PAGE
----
Stranger Things Loses its Mind
  • Stranger Things Loses its Mind


    Stranger Things uses the parallels between a Dungeons & Dragons adventuring party and its core characters to create a narrative about young heroes battling the forces of darkness in both the real and Upside-Down worlds. But when it comes to a particular iconic D&D monster, the Duffer brothers seem to have drawn upon monster lore that came out well after the second season takes place. THIS ARTICLE CONTAINS SPOILERS!


    The Truth About Mind Flayers

    Stranger Things is about an adventuring party of four boys who stumble upon a powerful psychic girl known only as El, short for Eleven. Her psychic powers are tied to an extradimensional plane -- referenced in season two as the Ethereal Plane -- where monsters dwell. In the first season of Stranger Things, that monster was referred to as Demogorgon, although it looked nothing like the two-headed demon lord. In the second season, the gigantic tentacle smoke monster is referred to as a mind flayer. Here's how Dustin describes it:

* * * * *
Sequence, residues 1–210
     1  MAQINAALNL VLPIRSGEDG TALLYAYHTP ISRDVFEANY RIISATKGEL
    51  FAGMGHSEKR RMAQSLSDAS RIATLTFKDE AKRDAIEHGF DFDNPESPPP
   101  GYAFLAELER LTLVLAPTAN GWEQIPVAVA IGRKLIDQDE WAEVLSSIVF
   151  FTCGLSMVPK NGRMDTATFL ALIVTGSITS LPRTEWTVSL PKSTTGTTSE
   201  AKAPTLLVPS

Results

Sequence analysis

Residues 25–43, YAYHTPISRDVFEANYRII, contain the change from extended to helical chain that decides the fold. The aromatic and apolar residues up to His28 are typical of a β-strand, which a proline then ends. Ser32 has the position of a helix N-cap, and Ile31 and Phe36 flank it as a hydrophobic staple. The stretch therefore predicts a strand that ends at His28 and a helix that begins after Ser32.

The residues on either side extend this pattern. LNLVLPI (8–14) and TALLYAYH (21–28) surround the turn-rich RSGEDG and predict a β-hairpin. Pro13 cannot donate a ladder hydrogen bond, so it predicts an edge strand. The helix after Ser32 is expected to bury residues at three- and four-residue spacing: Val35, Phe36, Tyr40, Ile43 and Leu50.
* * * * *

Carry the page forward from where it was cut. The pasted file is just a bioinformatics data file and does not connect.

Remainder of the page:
Okay, so, the shadow monster's inside everything...The hive mind. A collective consciousness. It's a super-organism. And this is the thing that controls everything. It's the brain. Like the mind flayer. It's a monster from an unknown dimension. It's so ancient that it doesn't even know its true home...it enslaves races of other dimensions by taking over their brains using its highly-developed psionic powers. What does it want? To conquer us, basically. It believes it's the master race...it views other races, like us, as inferior to itself. It wants to spread, take over other dimensions. We are talking about the destruction of our world as we know it...so if this thing is like a brain that's controlling everything, then if we kill it, we kill everything it controls.